I write to respond to my colleague JUSTICE BREYER, who observes that the statute does not threaten the liberties of individual citizens, a point on which I disagree. See post at 496-497. The argument is related to his earlier suggestion that our role is lessened here because the two political branches are adjusting their own powers between themselves. Post at 472, 482-483. To say the political branches have a somewhat free hand to reallocate their own authority would seem to require acceptance of two premises: first, that the public good demands it, and second, that liberty is not at risk. The former premise is inadmissible. The Constitution's structure requires a stability which transcends the convenience of the moment. See Metropolitan Washington Airports Authority v. Citizens for Abatement of Aircraft Noise, Inc., 501 U.S. 252, 276-277 (1991); Bowsher v. Synar, [524 U.S. 450] 478 U.S. 714, 736 (1986); INS v. Chadha, 462 U.S. 919, 944-945, 958-959 (1983); Northern Pipeline Constr. Co. v. Marathon Pipe Line Co., 458 U.S. 50, 73-74 (1982). The latter premise, too, is flawed. Liberty is always at stake when one or more of the branches seek to transgress the separation of powers.

Separation of powers was designed to implement a fundamental insight: concentration of power in the hands of a single branch is a threat to liberty. The Federalist states the axiom in these explicit terms:

The accumulation of all powers, legislative, executive, and judiciary, in the same hands . . . may justly be pronounced the very definition of tyranny.

The Federalist No. 47, p. 301 (C. Rossiter ed., 1961). So convinced were the Framers that liberty of the person inheres in structure that at first they did not consider a Bill of Rights necessary. The Federalist No. 84, pp. 513, 515; G. Wood, The Creation of the American Republic 1776-1787, pp. 536-543 (1969). It was at Madison's insistence that the First Congress enacted the Bill of Rights. R. Goldwin, From Parchment to Power 75-153 (1997). It would be a grave mistake, however, to think a Bill of Rights in Madison's scheme then, or in sound constitutional theory now, renders separation of powers of lesser importance. See Amar, The Bill of Rights as a Constitution, 100 Yale L.J. 1131, 1132 (1991).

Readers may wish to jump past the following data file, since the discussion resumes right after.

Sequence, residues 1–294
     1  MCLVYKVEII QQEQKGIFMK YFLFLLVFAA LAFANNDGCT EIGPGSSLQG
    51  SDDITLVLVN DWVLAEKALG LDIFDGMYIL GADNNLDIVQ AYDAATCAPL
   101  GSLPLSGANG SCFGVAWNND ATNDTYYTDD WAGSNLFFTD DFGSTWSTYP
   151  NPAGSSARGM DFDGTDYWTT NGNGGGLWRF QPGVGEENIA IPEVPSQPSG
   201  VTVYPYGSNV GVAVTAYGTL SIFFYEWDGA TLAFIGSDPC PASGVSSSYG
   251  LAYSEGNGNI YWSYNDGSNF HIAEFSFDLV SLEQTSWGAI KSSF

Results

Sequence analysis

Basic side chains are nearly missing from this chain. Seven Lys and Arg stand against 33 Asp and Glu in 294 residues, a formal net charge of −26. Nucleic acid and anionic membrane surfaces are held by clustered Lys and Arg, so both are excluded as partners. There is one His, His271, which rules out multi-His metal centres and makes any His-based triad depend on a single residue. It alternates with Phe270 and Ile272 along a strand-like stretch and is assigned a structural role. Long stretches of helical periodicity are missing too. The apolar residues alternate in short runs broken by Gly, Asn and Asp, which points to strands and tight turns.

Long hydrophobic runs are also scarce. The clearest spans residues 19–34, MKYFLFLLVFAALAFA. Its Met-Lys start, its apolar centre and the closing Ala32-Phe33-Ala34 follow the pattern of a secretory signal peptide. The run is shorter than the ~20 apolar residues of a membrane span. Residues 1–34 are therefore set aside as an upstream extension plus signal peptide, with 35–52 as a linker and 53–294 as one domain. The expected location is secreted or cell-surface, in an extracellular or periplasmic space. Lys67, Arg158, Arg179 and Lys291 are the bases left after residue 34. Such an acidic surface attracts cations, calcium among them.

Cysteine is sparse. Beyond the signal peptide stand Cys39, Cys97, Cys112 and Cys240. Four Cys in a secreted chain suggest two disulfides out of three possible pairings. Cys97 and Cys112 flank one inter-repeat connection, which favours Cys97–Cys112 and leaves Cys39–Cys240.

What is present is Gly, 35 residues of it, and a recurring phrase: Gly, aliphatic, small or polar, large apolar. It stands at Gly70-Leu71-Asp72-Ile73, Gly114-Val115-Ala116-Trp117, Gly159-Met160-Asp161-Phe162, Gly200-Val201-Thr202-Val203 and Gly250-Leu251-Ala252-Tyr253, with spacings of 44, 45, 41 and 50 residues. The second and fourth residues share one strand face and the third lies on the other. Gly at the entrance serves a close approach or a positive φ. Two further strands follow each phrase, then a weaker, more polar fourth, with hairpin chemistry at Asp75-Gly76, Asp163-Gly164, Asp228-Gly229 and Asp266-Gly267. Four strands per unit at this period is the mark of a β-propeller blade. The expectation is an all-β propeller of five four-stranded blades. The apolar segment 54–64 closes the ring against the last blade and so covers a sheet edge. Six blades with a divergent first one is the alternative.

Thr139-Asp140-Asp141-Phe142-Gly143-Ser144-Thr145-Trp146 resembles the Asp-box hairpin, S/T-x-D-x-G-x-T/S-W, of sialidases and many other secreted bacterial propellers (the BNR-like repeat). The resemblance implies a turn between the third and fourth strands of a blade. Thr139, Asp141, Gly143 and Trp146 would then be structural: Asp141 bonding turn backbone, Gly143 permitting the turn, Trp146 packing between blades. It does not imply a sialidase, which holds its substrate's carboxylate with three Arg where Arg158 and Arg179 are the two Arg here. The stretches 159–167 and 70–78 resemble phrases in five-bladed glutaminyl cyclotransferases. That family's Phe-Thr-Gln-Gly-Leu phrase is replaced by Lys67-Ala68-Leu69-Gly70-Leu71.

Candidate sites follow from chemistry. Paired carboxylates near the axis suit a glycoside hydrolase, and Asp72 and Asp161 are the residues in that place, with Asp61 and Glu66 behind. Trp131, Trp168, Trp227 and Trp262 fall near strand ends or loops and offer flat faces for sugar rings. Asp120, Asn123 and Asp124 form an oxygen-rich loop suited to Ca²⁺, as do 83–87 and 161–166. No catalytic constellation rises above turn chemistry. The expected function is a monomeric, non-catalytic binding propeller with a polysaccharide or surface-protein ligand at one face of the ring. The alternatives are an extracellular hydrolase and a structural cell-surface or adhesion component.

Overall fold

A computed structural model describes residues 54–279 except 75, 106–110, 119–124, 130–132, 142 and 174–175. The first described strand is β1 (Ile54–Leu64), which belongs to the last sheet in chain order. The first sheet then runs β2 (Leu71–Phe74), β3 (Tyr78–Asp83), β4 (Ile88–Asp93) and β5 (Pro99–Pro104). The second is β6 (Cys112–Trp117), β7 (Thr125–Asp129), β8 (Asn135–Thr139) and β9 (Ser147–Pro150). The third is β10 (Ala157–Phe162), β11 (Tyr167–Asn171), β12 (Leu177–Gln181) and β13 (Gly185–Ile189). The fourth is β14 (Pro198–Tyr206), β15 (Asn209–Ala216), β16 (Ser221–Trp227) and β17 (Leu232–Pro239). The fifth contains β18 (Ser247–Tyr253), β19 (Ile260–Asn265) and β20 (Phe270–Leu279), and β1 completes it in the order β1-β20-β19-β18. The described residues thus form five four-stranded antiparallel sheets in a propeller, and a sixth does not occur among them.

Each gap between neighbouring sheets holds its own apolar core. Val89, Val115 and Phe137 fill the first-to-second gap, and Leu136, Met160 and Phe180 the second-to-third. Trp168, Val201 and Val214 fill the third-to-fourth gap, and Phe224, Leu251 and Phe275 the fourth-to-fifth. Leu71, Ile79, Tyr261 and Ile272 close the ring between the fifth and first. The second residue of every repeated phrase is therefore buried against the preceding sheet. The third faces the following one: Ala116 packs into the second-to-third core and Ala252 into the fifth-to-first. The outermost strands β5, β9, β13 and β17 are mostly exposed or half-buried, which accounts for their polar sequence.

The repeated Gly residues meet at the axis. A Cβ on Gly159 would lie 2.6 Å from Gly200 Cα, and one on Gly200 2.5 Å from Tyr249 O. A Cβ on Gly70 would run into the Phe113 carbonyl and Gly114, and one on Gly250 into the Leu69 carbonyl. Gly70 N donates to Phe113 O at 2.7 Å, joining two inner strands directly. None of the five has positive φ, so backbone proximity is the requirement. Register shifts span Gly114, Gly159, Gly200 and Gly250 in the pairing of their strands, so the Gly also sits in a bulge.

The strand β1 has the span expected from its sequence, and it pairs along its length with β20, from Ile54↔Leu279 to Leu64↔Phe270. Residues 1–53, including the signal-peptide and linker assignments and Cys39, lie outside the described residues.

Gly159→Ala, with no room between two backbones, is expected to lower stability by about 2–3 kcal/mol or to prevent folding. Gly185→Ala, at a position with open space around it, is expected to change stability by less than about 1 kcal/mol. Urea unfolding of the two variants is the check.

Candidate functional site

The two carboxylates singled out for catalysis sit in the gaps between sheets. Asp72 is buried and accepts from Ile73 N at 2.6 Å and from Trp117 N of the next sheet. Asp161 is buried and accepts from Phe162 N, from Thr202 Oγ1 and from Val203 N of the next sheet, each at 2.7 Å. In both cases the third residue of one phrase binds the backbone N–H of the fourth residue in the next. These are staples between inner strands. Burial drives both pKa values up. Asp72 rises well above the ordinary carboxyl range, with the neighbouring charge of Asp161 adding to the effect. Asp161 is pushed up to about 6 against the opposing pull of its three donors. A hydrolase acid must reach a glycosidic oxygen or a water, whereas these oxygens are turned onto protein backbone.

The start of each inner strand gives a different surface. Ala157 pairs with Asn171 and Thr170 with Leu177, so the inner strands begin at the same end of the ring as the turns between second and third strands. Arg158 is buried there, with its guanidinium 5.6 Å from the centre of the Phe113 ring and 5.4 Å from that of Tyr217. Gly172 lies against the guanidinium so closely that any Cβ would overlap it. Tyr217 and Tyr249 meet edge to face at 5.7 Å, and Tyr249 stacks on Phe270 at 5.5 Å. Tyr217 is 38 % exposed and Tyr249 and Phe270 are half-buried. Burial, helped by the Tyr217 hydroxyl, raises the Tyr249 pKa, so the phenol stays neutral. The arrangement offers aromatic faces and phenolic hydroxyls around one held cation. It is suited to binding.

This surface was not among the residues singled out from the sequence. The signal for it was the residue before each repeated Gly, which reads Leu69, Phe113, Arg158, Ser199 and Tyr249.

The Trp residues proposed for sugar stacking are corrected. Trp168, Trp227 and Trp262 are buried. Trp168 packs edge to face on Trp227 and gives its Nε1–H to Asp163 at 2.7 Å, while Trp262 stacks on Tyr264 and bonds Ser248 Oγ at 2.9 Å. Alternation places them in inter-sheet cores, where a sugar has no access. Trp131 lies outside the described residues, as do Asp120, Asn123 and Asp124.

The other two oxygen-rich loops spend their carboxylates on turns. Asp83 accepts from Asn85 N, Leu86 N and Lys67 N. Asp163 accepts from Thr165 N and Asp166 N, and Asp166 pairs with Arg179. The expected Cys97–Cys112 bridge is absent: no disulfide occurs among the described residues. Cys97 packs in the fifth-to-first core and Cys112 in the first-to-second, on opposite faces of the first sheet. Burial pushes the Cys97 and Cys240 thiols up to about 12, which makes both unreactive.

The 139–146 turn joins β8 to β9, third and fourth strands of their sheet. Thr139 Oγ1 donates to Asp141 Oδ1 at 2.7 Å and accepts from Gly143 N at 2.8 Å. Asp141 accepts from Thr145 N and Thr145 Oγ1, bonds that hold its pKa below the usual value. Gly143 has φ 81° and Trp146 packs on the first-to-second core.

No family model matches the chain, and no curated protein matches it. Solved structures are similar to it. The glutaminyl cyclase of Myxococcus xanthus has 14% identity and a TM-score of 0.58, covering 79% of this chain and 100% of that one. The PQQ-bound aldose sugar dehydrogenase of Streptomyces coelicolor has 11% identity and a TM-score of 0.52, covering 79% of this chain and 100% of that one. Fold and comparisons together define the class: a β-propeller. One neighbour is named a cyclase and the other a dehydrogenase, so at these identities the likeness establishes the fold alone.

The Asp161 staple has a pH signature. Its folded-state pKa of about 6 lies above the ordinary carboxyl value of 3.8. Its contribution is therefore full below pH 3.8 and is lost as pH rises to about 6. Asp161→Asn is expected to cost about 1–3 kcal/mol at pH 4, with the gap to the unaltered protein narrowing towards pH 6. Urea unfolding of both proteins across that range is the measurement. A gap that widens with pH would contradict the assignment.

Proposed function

In recent years, perhaps, we have come to think of liberty as defined by that word in the Fifth and Fourteenth Amendments, and as illuminated by the other provisions of the Bill of Rights. The conception of liberty embraced by the Framers was not so confined. They used the principles of separation of powers and federalism to secure liberty in the fundamental political sense of the term, quite in addition to the idea of freedom from intrusive governmental acts. The idea and the promise were that, when the people delegate some degree of control to a remote central authority, one branch of government ought not possess the power to shape their destiny without a sufficient check from the other two. In this vision, liberty demands limits on the ability of any one [524 U.S. 451] branch to influence basic political decisions. Quoting Montesquieu, the Federalist Papers made the point in the following manner:

"When the legislative and executive powers are united in the same person or body," says he, "there can be no liberty, because apprehensions may arise lest the same monarch or senate should enact tyrannical laws to execute them in a tyrannical manner." Again:

"Were the power of judging joined with the legislative, the life and liberty of the subject would be exposed to arbitrary control, for the judge would then be the legislator. Were it joined to the executive power, the judge might behave with all the violence of an oppressor."

The Federalist No. 47, supra, at 303.